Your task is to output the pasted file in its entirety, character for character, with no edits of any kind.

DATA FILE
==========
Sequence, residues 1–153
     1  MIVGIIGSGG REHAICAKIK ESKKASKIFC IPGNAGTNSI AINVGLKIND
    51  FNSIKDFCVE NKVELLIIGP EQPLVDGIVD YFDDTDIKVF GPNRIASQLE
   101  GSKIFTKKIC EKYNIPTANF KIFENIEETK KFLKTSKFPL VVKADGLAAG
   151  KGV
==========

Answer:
Sequence, residues 1–153
     1  MIVGIIGSGG REHAICAKIK ESKKASKIFC IPGNAGTNSI AINVGLKIND
    51  FNSIKDFCVE NKVELLIIGP EQPLVDGIVD YFDDTDIKVF GPNRIASQLE
   101  GSKIFTKKIC EKYNIPTANF KIFENIEETK KFLKTSKFPL VVKADGLAAG
   151  KGV